Celebrity Style

Every Royal Tiara In British Wedding History

From Princess Beatrice to Queen Elizabeth.

Queen Elizabeth wedding shot
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It goes without saying that the British Royal Family has one of the most impressive jewelry collections in the world. While the necklaces, brooches, and bracelets are head-turners, it’s the head toppers that are the most well known of all. Royal tiaras are worn by the family to court, to formal events, and on their wedding days, giving the wearer that extra bit of sparkle to stand a bit taller and shine a bit brighter.

The tiara worn for a royal’s wedding day is of the utmost importance, so you can be sure that there is a story behind each and every artistic construction. They are most often made from diamonds, though some tiaras may feature other stones like Princess Eugenie’s Greville Emerald Kokoshnik Tiara, which included 9 stunning emeralds.

From the Queen Mother’s wedding tiara in 1923 to Princess Beatrice’s most recent nuptials, for which she wore Queen Elizabeth II’s Queen Mary Fringe Tiara, take a deep dive into the arsenal of family heirlooms that have been amassed over the past 100 years.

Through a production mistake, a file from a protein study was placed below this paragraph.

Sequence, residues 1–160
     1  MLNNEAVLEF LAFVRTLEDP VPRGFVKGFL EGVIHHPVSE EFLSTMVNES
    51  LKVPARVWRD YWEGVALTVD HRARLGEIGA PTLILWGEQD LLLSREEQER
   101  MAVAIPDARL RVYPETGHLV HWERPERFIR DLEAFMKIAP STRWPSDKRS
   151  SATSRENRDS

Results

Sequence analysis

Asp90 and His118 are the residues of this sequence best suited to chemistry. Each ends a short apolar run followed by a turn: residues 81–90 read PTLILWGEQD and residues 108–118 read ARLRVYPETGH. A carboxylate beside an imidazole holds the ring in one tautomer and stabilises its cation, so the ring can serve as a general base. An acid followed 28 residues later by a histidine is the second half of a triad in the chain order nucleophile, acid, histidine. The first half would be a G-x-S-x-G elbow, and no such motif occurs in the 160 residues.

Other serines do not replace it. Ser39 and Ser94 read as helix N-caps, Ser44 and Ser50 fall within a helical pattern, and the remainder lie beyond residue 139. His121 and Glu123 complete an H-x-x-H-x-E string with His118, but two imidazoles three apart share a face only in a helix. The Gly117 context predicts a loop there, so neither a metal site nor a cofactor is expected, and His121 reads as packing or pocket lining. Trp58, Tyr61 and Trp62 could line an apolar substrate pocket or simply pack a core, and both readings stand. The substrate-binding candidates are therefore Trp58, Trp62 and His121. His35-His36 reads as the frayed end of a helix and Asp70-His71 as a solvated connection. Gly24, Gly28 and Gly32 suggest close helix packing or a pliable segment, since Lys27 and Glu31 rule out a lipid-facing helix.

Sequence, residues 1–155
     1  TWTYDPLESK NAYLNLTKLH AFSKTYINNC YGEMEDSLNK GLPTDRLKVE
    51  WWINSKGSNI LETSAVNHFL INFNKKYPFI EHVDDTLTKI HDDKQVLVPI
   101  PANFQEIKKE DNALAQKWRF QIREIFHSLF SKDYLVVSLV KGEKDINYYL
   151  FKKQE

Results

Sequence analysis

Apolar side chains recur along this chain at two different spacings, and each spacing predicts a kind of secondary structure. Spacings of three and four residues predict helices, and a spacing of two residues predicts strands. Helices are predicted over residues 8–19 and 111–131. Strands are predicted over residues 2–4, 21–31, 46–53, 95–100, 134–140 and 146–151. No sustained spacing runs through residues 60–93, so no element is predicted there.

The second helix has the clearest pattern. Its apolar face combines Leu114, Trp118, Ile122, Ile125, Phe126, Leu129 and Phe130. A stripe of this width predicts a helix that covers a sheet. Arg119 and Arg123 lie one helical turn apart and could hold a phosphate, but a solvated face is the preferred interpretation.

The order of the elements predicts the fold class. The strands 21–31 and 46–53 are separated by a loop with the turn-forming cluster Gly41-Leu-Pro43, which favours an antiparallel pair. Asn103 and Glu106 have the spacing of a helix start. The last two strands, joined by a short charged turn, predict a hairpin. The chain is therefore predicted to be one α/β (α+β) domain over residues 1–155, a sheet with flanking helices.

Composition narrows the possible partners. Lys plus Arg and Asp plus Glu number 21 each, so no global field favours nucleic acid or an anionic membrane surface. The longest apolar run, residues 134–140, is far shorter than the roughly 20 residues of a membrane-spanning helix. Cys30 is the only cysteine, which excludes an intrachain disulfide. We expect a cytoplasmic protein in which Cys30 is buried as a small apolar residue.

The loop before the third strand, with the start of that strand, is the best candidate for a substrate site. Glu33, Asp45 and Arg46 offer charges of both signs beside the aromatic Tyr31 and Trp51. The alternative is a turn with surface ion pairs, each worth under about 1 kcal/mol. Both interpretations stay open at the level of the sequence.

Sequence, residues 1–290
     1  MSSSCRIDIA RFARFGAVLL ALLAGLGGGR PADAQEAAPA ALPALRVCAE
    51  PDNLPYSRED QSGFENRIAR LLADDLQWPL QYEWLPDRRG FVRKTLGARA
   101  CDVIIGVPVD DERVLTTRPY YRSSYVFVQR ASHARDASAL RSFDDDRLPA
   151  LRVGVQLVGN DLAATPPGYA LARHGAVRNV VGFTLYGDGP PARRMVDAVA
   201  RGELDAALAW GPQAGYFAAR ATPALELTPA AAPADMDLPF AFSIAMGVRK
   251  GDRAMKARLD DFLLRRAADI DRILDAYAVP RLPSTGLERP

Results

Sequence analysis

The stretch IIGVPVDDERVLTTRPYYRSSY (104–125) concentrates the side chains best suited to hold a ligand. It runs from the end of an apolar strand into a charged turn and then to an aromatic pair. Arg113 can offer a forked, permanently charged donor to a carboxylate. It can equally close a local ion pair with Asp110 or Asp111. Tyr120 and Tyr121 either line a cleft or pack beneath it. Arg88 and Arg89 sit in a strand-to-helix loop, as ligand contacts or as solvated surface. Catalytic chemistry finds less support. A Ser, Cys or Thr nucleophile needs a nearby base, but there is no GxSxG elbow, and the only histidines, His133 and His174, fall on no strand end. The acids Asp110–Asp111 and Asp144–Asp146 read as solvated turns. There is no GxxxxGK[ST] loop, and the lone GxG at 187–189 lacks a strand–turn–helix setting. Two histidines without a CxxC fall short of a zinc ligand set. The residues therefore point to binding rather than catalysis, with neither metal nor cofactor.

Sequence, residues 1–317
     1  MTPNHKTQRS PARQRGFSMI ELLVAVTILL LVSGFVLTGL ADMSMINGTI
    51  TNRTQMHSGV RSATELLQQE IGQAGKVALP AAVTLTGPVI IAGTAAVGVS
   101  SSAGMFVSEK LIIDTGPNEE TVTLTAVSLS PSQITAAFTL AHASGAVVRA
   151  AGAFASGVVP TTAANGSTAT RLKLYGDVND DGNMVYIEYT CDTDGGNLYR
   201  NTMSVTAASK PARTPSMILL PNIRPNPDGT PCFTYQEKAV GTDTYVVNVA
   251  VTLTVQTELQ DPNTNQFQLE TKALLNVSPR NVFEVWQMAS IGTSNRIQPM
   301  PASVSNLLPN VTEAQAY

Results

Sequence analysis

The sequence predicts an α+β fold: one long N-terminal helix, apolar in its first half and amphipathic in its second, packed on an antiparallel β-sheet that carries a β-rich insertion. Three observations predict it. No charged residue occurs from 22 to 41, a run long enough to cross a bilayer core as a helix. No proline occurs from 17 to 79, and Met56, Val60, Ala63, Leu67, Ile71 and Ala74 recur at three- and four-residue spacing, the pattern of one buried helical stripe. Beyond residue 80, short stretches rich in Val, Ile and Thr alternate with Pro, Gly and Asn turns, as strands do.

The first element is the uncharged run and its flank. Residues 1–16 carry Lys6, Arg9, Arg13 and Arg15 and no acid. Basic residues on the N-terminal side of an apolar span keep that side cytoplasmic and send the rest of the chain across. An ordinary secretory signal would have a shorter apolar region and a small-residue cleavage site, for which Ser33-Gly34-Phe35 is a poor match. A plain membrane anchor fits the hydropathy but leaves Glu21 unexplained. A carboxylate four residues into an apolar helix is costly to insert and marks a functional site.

Tiaras have been purchased, commissioned, gifted, and lent, with great significance placed on each and every part of the design process. Ahead, find the 21 most stunning tiaras worn by British Royalty for their weddings — and prepare to swoon.


Queen Elizabeth, the Queen Mother: April 2, 1923

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The Queen Mother chose the Strathmore Tiara for her wedding day, which was a gift to her from her father, the Earl of Strathmore, purchased from Catchpole & Williams.

The flowers can not only be removed and worn as separate brooches, but also swapped out for five collet-set sapphires if need be. Though it’s specific date of creation is largely unknown, it’s widely accepted that it was created some time in the late 19th century.

The tiara is crafted of silver and gold and features rose garlands (the botanical symbol of love) that are set with rose-cut diamonds. It was designed to wear along the hairline, as opposed to higher atop the head as more modern tiaras are.